Four Reasons Nonprofit Should Consider the Authentic Storytelling Method | Beth's Blog

Four Reasons Nonprofit Should Consider the Authentic Storytelling Method

Storytelling

Four Reasons Nonprofit Should Consider the Authentic Storytelling Method
Guest Post by Lewis Haidt

For many nonprofits, taking the “right” photograph or creating the “perfect” video to represent an organization’s mission and work can be an intimidating prospect. This fear-factor can be even greater for a nonprofit creating its first video.

This is why TechSoup has run a storytelling campaign for the last seven years. We believe that all nonprofits should have the capacity to create quality videos and photographs. And that’s why we offer social media events, NetSquared meet-ups, and educational trainings – all geared towards educating organizations on how to create a powerful digital story (Nonprofits can submit stories to our storytelling contest through October 31, 2017).

Here are four reasons to consider an Authentic Storytelling approach when creating your story.
Authentic Storytelling embraces “higher order” concerns such as social justice, the fate of the planet, or environmental protection as critical components. It also reflects an organization’s moral perspective, identity, values, and vision. This framework is derived from the work of Greenpeace’s Tsering Lama, who presented a webinar on Authentic Storytelling with Greenpeace: A Ten Step Process as part of our Storymakers educational offering.

1. Authentic storytelling best promotes an organization’s core mission

People work at nonprofits because they want to serve their community and the larger world. Thus, the more an organization can infuse its videos and images with the organization’s core identity, values, and vision – its ethical mandate – the greater the impact its stories will have. Every nonprofit is unique in how it wishes to impact its local community, its state, its nation, or the world. Authentic Storytelling embraces this uniqueness and zeroes in on the ethical dimension around which a story can be crafted.

The key thing is: don’t be afraid of sharing how you want to change the world. Embrace it!

2. Authentic storytelling shows why folks should care

For change to happen, we must articulate it. Authentic Storytelling imbues a story of change and transformation with the key missing ingredient: why your audience should care. Authentic Storytelling encourages you to imagine the stakes at the highest level: who will suffer if your organization fails in your mission and conversely, whose lives will flourish if you succeed. Embrace the stakes behind your mission.

3. We provide a framework

You may be thinking: “OK, maybe I’ll consider embracing the ethical component, but where should I begin?” We’re glad that you asked. Greenpeace, for the last few years, has actually paid a few lucky storytelling experts to figure out how to create an authentic story. The result is a comprehensive ten-step process that will guide you from start to finish. To begin the actual 10-step process of creating your authentic story, view Greenpeace’s Tsering Lama’s presentation, which is the basis for this blogpost.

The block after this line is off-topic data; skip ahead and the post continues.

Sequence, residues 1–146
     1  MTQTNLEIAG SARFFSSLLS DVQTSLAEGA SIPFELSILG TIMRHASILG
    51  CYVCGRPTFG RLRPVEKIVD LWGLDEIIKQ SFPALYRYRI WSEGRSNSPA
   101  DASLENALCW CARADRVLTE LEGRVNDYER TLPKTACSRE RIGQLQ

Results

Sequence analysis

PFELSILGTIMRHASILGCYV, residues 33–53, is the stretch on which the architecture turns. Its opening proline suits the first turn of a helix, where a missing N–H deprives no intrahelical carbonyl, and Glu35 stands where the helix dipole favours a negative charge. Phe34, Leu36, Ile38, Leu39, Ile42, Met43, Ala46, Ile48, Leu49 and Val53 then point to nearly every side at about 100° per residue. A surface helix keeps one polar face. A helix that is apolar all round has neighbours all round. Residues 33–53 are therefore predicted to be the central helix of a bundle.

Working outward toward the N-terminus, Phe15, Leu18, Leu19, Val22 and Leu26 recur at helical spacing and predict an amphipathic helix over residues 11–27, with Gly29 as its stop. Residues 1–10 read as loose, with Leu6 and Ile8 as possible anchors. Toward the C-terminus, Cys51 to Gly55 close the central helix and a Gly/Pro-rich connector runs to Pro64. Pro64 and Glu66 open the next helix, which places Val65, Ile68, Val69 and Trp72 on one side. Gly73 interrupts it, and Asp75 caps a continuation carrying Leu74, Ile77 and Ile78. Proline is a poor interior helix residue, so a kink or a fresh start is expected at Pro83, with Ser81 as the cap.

4. Stories are everyone’s domain

Authentic storytelling is a democratic endeavor. The storytelling process allows you to uncover what is most important to you, your co-workers, and your community as you craft the story. Enlist as many people as possible – from volunteers to the office administrative assistant to the executive director – and collect five to seven examples of existing narratives around your subject area such as videos, articles, infographics, photo essays, etc. Tsering created this exercise to help.

Don’t be intimidated! Create stories with heart and passion. If you need inspiration or support, check out Storymakers 2017 contest. Then submit your photos or videos, and show us your story that imagines a better world.

Lewis Haidt (@lewisha) Senior Manager, Online Community and Social Media at TechSoup.

3 Responses

  1. Yale Wishnick says:

    Social Justice is a fiction

    If you really want to discuss things that matter focus on opportunity. I would say after 26 trillion dollars since the later 1960s and hundreds of government programs, we can safely say that social justice should have been achieved.

    Stories about strengths, courage, and independence will do much more than the fiction of “social justice.”

  2. I could not agree more with the points made in this post! Storytelling needs to go beyond your organization – remembering that people give THROUGH you, not TO you.

    Your supporters do want to hear stories of the staff, clients, and volunteers that make you special. But I think these stories need to be combined with the ideas behind Authentic Storytelling – crafting stories that go beyond the walls of the organization and touch the very cause and issue that people are passionate about in the first place.

    Also, I’m a proud Social Justice Warrior, and I think that we still have a ton of work to do!

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